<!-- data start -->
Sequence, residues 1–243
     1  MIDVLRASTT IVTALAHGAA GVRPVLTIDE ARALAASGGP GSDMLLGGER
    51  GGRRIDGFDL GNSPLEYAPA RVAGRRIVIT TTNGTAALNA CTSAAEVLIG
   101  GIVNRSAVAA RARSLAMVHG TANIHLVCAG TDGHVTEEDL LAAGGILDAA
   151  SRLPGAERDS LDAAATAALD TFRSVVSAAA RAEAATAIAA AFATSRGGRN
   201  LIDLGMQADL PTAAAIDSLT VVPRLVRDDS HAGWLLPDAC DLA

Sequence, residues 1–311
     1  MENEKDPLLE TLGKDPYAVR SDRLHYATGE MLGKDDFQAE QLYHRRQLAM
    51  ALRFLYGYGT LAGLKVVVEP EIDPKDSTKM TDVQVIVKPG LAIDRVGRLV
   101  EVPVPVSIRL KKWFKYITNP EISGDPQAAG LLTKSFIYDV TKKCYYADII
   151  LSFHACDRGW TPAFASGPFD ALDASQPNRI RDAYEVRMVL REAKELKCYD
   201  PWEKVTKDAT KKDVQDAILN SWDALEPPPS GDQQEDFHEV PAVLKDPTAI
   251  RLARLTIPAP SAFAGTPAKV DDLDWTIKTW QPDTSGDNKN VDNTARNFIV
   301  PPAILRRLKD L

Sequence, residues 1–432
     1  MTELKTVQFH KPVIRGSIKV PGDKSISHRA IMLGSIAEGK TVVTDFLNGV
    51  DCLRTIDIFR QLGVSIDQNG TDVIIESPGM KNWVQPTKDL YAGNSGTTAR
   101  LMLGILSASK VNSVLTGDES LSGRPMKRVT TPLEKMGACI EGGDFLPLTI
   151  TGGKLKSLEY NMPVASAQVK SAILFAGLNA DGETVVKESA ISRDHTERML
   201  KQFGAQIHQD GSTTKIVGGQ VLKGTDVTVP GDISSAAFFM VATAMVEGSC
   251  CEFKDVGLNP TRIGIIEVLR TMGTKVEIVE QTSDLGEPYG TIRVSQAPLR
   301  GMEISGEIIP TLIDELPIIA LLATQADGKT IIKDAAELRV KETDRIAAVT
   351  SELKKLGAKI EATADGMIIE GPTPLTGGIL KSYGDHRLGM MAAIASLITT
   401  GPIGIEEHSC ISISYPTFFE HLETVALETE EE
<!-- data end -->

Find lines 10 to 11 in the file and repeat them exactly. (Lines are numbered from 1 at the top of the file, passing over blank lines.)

   101  EVPVPVSIRL KKWFKYITNP EISGDPQAAG LLTKSFIYDV TKKCYYADII
   151  LSFHACDRGW TPAFASGPFD ALDASQPNRI RDAYEVRMVL REAKELKCYD